Wednesday, April 1, 2015

How to make your board game more color-blind friendly

There have been some articles and discussions lately about making your game more easy for color-blind players to use, and that is of particular importance to me since I am red-green color-blind. It is very annoying to play a game and have to keep asking, "What color is that?" when simple changes to the design could have avoided this trouble. And since around 10% of males are color-blind, this is a not insignificant amount of players for your game.

1. Use symbols in addition to colors to identify things if possible. So, if there are different resources printed on cards and referenced by color, use a symbol as well. If it is physical components, you can have them be different shapes.

2. Brighter colors are easier to distinguish than darker colors. So you might want to de-saturate your colors for mood, but don't. Saturate them for ease of seeing.

3. Test your game with color-blind people. If they have to ask "what's this, what's that color?" then you need to work on it some more.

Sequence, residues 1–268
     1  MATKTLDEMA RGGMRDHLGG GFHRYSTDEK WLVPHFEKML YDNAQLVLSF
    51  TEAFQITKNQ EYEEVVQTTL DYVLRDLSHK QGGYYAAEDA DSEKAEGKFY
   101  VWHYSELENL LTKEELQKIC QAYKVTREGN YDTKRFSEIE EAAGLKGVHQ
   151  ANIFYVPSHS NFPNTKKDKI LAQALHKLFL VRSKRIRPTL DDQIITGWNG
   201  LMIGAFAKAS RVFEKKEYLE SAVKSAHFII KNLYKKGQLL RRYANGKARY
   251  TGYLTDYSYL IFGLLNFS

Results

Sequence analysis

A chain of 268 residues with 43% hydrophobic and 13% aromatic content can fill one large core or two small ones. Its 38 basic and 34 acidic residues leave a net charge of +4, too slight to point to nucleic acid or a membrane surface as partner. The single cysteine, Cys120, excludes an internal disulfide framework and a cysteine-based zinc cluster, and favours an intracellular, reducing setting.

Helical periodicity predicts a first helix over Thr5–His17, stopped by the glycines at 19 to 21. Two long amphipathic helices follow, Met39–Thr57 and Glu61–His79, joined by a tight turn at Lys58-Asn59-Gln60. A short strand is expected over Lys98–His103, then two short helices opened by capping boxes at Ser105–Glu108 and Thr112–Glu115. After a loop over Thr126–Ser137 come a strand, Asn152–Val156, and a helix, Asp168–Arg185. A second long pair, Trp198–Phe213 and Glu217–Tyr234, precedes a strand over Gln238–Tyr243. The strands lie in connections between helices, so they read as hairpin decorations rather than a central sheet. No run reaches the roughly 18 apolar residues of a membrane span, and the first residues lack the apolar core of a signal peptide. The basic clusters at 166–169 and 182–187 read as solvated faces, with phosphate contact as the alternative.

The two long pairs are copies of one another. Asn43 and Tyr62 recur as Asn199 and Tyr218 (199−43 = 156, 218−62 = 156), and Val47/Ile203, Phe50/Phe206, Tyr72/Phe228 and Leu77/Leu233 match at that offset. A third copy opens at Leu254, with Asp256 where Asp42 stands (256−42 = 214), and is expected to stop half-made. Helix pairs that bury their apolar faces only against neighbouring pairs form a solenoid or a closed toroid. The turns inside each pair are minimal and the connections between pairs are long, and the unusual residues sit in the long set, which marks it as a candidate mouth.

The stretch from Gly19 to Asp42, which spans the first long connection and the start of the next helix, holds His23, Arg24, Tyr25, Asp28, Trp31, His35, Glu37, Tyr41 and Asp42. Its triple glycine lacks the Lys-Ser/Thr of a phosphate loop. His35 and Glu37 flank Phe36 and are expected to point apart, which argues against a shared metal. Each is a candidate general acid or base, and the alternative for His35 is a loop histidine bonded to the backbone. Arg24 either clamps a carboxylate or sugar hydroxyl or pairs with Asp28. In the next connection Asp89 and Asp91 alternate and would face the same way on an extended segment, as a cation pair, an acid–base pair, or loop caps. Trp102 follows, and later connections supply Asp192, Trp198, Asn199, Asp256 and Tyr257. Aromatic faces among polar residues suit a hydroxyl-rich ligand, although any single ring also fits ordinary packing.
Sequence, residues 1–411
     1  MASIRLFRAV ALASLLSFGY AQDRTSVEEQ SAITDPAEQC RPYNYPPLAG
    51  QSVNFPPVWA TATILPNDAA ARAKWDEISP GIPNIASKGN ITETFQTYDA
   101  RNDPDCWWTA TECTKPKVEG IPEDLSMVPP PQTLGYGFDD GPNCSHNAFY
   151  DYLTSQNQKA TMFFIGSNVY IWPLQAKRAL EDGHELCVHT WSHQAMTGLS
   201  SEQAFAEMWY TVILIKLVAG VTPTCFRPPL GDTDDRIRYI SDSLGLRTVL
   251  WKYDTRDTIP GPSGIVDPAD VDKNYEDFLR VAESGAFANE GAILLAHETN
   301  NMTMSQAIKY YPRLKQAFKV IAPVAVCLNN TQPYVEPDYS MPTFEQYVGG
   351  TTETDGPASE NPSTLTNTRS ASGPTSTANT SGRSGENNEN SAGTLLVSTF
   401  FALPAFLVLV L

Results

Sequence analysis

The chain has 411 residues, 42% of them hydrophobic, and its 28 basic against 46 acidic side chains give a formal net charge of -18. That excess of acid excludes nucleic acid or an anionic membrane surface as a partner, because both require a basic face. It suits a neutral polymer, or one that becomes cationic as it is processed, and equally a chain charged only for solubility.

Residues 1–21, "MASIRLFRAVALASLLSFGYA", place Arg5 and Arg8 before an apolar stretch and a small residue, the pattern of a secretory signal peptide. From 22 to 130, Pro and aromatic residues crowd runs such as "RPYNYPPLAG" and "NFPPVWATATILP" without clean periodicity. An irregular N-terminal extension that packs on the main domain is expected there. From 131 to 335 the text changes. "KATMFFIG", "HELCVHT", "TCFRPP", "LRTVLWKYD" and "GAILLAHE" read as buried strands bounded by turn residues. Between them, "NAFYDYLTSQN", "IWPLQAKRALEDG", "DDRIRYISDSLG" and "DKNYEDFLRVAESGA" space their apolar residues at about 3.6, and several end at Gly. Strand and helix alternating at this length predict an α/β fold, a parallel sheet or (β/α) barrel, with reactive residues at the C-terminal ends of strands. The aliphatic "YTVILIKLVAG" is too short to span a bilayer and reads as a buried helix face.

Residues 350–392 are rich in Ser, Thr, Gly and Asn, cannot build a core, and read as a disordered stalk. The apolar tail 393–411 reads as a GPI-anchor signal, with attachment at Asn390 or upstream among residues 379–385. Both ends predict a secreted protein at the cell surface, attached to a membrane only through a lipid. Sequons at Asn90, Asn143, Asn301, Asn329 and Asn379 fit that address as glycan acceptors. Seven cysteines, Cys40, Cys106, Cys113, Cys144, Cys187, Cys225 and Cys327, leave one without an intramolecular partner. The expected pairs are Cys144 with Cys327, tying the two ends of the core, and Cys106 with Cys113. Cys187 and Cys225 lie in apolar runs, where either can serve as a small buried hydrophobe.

4. It can be hard to choose a set of colors for the different player colors such that there are no conflicts for color-blind players. For me, a player color set of black, white, yellow, blue, and red is about the best you can get. Brown is a terrible color since it has all the colors mixed into it, it can change appearance in different ways for differently color-blind people. Of course, for someone who is completely color-blind (which is rarer than the other kinds), even these sets won't work, so you might have to invent a different system.

5. Test your game in low light with non-color blind people. Color is harder to see the less light there is, and if you play in low-light and can't tell the colors apart, it will for sure be impossible for someone who is color-blind.